By Kim Duke, NETA & AFAA Certified Trainer
In this article, we address how to become a more functional and strong human, as opposed to providing another overrated endless rant on chiseled abs!
Your core is a complex series of muscles, extending far beyond your abs, including everything besides your arms and legs. It is used in almost every movement of the human body.
These muscles can act as an isometric or dynamic stabilizer for movement, transfer force from one extremity to another or initiate movement itself.
Think of your core muscles as the sturdy central link in a chain connecting your upper and lower body. Whether you’re hitting a tennis ball or mopping the floor, the necessary motions either originate in your core, or move through it.
No matter where motion starts, it ripples upward and downward to adjoining links of the chain. Thus, weak or inflexible core muscles can impair how well your arms and legs function. And that saps power from many of the moves you make.
Properly building up your core cranks up the power. A strong core also enhances balance and stability. Thus, it can help prevent falls and injuries during sports or other activities. In fact, a strong, flexible core underpins almost everything you do:
Everyday acts. Bending to put on shoes or scoop up a package, turning to look behind you, sitting in a chair or simply standing still — these are just a few of the many mundane actions that rely on your core and that you might not notice until they become difficult or painful. Even basic activities of daily living — bathing or dressing, for example — call on your core.
On-the-job tasks. Jobs that involve lifting, twisting and standing all rely on core muscles. But less obvious tasks — like sitting at your desk for hours — engage your core as well. Phone calls, typing, computer use and similar work can make back muscles surprisingly stiff and sore, particularly if you’re not strong enough to practice good posture and aren’t taking sufficient breaks.
A healthy back. Low back pain — a debilitating, sometimes excruciating problem affecting four out of five Americans at some point in their lives — may be prevented by exercises that promote well-balanced, resilient core muscles. When back pain strikes, a regimen of core exercises is often prescribed to relieve it, coupled with medications, physical therapy or other treatments if necessary.
Sports and other pleasurable activities. Golfing, tennis or other racquet sports, biking, running, swimming, baseball, volleyball, kayaking, rowing, horse back riding and many other athletic activities are powered by a strong core. Less often mentioned are sexual activities, which call for core power and flexibility, too.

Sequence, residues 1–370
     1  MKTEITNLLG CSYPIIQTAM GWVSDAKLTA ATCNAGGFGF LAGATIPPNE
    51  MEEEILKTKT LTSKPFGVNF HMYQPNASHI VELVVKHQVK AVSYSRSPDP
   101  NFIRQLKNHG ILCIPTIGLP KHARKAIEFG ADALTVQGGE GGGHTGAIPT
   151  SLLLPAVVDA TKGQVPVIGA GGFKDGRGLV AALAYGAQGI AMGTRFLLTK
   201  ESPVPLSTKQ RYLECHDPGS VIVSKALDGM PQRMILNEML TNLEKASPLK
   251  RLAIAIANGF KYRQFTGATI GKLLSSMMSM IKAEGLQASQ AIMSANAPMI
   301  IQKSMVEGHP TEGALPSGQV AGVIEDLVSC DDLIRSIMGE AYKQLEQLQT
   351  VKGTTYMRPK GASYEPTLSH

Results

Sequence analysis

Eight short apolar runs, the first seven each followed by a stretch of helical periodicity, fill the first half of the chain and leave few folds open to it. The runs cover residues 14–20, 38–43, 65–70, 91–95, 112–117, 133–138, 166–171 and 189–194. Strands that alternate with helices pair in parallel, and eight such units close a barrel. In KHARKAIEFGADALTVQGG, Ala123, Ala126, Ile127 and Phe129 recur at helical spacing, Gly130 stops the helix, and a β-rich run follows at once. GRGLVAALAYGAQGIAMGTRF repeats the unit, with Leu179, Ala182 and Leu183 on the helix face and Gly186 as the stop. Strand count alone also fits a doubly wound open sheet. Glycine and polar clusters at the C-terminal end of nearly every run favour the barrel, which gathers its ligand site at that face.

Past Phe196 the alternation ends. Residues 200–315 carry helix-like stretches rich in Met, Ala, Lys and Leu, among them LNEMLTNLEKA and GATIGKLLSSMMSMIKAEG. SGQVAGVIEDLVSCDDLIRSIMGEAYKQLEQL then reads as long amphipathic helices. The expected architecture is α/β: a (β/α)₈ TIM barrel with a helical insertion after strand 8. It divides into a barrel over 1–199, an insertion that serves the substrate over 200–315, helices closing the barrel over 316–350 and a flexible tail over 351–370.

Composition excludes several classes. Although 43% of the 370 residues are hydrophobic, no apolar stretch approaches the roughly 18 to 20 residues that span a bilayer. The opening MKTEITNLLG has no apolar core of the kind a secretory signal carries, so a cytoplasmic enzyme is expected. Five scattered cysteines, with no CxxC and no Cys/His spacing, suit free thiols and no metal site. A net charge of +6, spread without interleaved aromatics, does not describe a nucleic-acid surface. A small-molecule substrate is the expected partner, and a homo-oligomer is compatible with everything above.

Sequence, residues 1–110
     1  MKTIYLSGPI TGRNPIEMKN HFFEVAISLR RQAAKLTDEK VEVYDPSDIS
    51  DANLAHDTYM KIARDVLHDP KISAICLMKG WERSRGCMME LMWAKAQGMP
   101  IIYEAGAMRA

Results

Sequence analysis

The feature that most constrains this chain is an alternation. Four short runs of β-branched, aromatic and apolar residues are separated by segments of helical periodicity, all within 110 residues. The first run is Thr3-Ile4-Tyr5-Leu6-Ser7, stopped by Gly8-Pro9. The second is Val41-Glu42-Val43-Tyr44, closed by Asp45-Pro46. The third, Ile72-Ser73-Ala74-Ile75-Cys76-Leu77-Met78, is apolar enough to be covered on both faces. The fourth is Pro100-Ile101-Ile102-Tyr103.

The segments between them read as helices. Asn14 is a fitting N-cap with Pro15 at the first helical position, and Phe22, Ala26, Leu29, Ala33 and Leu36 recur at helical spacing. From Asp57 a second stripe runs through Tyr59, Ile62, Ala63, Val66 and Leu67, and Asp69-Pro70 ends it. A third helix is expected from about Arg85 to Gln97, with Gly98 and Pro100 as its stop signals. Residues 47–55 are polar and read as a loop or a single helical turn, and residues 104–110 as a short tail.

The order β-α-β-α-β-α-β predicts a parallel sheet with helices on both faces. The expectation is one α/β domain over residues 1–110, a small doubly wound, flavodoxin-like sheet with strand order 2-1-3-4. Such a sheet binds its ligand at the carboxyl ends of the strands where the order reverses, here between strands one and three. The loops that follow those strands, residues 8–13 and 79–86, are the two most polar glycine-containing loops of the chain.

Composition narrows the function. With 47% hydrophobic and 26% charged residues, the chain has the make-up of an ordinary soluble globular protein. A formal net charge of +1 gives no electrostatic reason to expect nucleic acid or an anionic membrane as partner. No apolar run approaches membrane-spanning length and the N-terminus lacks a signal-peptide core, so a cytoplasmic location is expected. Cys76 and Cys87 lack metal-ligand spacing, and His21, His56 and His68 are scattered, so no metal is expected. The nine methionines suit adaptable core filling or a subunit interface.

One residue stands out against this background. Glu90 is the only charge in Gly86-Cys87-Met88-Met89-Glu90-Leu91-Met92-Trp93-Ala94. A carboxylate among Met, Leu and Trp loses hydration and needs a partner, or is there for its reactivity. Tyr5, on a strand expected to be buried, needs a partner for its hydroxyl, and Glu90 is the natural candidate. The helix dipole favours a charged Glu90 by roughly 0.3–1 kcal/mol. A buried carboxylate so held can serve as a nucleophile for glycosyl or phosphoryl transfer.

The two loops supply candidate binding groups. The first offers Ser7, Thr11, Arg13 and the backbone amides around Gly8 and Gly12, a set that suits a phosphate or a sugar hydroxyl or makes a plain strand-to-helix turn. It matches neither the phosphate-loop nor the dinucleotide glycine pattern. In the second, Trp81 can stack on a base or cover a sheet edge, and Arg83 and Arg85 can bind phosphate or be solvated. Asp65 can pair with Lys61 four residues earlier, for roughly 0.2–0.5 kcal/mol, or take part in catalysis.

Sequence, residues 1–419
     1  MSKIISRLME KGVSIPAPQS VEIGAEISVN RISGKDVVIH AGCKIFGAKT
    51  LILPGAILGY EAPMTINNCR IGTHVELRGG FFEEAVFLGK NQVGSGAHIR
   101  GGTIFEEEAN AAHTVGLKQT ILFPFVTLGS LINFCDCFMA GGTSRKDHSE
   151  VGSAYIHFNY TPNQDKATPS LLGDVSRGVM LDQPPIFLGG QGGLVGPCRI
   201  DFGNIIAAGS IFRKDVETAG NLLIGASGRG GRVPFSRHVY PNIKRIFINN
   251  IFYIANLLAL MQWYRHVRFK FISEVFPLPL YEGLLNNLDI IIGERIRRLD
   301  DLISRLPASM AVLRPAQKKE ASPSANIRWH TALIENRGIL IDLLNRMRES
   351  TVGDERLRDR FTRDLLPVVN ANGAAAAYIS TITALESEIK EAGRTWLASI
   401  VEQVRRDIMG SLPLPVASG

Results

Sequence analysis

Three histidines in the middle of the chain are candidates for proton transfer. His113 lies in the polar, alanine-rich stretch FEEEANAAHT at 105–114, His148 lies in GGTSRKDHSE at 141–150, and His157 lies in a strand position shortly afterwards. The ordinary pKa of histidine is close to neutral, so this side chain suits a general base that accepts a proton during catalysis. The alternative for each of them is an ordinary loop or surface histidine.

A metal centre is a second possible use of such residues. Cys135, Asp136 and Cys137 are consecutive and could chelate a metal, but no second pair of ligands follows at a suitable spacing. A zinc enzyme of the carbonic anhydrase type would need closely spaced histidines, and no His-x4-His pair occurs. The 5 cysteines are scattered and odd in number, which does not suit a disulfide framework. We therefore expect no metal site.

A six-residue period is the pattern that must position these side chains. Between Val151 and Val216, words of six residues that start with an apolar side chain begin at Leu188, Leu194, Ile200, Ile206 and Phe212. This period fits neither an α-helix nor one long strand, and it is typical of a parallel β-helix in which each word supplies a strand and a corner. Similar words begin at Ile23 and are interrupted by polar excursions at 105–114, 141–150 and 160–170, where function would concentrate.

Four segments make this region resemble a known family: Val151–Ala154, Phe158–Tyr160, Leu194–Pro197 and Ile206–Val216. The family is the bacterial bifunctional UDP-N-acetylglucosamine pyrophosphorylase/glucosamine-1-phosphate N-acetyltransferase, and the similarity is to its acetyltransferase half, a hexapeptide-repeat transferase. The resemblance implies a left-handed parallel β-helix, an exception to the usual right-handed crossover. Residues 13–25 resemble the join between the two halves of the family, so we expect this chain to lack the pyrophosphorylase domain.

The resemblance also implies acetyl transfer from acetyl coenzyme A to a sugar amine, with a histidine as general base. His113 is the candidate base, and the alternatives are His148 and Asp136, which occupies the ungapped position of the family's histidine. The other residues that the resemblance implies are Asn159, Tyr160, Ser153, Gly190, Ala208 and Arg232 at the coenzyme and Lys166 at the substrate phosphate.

Housework, fix-it work and gardening. Bending, lifting, twisting, carrying, hammering, reaching overhead — even vacuuming, mopping and dusting are acts that spring from, or pass through, the core.
Balance and stability. Your core stabilizes your body, allowing you to move in any direction, even on the bumpiest terrain, or to stand in one spot without losing your balance. Viewed this way, core exercises can lessen your risk of falling.
Good posture. Weak core muscles contribute to slouching. Good posture trims your silhouette and projects confidence. More importantly, it lessens wear and tear on the spine and allows you to breathe deeply. Good posture helps you gain full benefits from the effort you put into exercising, too.
Weak, tight, or unbalanced core muscles can undermine you in any of these realms. And while it’s important to build a strong core, it’s unwise to aim all your efforts at developing rippling abs. Overtraining abdominal muscles while snubbing muscles of the back and hip can set you up for injuries and cut athletic prowess.
Your core most often acts as a stabilizer and force transfer-center rather than a prime mover. Yet consistently people focus on training their core as a prime mover and in isolation. This would be doing crunches or back extensions versus functional movements like deadlifts, overhead squats and pushups, among many other functional, closed-chain exercises. By training that way, not only are you missing out on a major function of the core, as well as better strength gains, more efficient movement and longevity of health.